In the latest episode of “The U.S. Soccer Podcast,” our hosts Jordan Angeli and Charlie Davies caught up with Katja Koroleva, a person U.S. Soccer knows well as a highly respected FIFA Referee but is also a Physician Assistant in her everyday life. Koroleva shed light on her work both on the pitch and in the emergency department of a hospital in San Jose, Calif.
Here are a few things we learned from the conversation:
BEST OF BOTH WORLDS
The daughter of a researcher, science has always been in Koroleva’s blood and the career of Physician Assistant allowed her to pursue her passion for medicine while staying involved in soccer at the highest levels.
And while the vocations might appear quite different at the outset, the Koroleva has found many similarities between overseeing 22 elite athletes on the pitch and her work in emergency medicine.
“They’re high-paced environments,” said Koroleva “You have to make frequent decisions that take into account all the external factors for players or for patients, and then make the best outcome for patients or for players to have a positive experience. Communication is certainly transferable between the two fields. The patients rely on us and earning their credibility is huge.”
Concacaf referee Ekaterina Koroleva is on the frontlines against COVID-19 ❤️— Concacaf (@Concacaf) April 28, 2020
“The biggest thing is that no two days are alike. That correlates exactly to the experience we have on the field.”
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PREPARATION IS KEYJust like the world-class players she shares the field with on match day, Koroleva dedicates hours upon hours to preparing both physically and tactically. Referee coaches and sport scientists prescribe weekly regimens of sprint, agility and endurance work to build and maintain fitness, while also considering factors like travel and recovery.
“Believe it or not, it’s very similar to what the players go through,” said Koroleva. “But we do have one key advantage. We don’t have to have the ball at our feet.”
Along building the speed and stamina to cover the field and track down counterattacks, referees also pour over film and break down tactics to aide their on-field positioning.
“We study film. We’ll also look at player tendencies to occupy space during a match so we can stay out of passing lanes,” Koroleva explained. “On counterattacks, we’re on our horse flying up the field, but with teams like Barcelona who like to possess and have small passes around the penalty area, we really have to stay out of the way and then read when they are attempting to go inside or have a scoring opportunity.”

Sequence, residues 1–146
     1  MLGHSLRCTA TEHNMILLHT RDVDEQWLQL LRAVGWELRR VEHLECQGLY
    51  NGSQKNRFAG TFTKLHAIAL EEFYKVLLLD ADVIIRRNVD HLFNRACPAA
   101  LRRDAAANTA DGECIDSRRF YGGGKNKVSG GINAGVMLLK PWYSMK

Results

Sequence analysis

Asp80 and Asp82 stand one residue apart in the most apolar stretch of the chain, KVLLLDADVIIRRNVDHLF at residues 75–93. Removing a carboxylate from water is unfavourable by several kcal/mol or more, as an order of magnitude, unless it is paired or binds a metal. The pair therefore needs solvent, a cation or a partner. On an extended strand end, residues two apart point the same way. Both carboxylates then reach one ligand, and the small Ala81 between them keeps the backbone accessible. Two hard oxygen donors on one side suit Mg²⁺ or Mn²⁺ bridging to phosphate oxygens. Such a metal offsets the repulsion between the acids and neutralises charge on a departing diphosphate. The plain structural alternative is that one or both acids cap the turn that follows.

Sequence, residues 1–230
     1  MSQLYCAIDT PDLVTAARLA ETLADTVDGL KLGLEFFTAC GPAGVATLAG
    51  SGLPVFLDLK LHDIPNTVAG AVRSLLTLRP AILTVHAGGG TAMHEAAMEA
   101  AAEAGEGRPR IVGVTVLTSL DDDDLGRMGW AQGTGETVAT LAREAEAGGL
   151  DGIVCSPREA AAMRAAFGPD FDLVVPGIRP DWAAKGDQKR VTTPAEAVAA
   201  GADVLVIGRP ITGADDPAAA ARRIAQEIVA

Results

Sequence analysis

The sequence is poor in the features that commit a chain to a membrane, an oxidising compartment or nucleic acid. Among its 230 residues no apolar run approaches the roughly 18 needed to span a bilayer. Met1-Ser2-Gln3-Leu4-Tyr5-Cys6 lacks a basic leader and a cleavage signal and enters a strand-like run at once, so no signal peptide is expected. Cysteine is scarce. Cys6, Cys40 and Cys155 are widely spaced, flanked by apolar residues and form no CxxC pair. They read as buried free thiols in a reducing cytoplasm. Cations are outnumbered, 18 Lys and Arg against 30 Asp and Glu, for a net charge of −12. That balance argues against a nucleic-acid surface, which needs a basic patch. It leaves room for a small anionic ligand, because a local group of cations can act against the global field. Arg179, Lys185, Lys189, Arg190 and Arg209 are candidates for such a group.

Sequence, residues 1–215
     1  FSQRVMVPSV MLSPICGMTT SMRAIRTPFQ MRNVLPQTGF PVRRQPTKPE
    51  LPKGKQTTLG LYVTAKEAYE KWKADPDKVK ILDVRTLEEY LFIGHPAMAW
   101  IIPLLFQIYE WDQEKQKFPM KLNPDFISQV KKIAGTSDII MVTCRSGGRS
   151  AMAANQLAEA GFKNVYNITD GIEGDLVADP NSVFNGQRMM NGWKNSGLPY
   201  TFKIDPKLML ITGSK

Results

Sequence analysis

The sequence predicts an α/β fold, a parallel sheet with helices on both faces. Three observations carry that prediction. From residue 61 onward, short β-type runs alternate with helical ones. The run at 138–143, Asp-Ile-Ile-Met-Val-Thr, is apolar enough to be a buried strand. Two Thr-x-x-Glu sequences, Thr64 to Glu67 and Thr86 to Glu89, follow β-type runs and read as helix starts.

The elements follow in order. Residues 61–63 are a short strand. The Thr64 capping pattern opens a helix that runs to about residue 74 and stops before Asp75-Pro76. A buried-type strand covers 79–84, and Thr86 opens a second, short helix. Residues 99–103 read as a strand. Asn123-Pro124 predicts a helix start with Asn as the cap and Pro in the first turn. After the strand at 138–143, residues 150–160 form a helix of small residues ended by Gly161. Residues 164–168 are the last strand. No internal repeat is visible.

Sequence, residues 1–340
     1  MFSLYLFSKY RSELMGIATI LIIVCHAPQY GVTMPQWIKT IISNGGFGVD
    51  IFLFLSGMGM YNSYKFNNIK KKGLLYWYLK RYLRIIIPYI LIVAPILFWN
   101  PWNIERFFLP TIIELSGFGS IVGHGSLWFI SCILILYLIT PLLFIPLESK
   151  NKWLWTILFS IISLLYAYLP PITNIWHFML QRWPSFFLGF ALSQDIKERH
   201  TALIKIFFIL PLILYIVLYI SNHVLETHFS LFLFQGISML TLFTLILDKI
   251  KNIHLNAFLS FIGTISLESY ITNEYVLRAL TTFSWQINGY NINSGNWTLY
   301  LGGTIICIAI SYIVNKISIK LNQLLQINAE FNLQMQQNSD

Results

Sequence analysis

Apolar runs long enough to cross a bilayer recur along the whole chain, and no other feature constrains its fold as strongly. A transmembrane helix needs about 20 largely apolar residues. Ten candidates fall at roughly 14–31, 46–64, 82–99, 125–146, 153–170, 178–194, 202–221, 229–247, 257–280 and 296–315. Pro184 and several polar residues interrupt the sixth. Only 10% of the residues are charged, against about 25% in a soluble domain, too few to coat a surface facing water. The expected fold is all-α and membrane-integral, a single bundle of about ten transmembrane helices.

NOTHING LIKE THE BIG STAGE
The biggest matches feature heightened emotions on the field and in the stands, with supporters quick to vocalize their thoughts on every decision. How do referees handle the spotlight, noise and pressure?
“I think it’s exciting,” said Koroleva. “It’s part of the sport. You learn to tune it out but at the same time it kind of brings your focus to a higher level. I enjoy those.”
Indeed for Koroleva, the tougher matches to officiate have nothing to do with the fans, but with the players themselves and trying to navigate different matchups of style and emotion.
“Say you’re refereeing [Brazil vs the USA],” Koroleva explained. “There are very different personalities and different cultures. Those can be challenging games.”
WEARING THE BADGEFor many players, the combination of nerves and anticipation makes their first international cap a blur. The same was true for Koroleva in 2014 when she refereed her first match after receiving her official FIFA certification.
“I think I smiled pretty much the whole game,” she said “I don’t remember the moment really well besides it being just a big blur and being really happy. For me it was a huge life-changing moment. Finally, you’ve made it there and you’re representing your country... this shiny white badge and it feels like it weighs 10 pounds. It’s a heavy feeling when you’re running around with it at first.”
Having served as fourth official at the 2019 FIFA Women’s World Cup, Koroleva is hungry to continuing her upwards trajectory in the game.
“I want to go back to the World Cup,” said Koroleva. “I want to referee at the World Cup. But I also want to keep developing domestically and potentially referee in MLS one day.”
“Once you reach a new level, you kind of have to start over and build new goals and realize there are higher destinations to achieve. You get right back on the horse and start learning again and getting better.”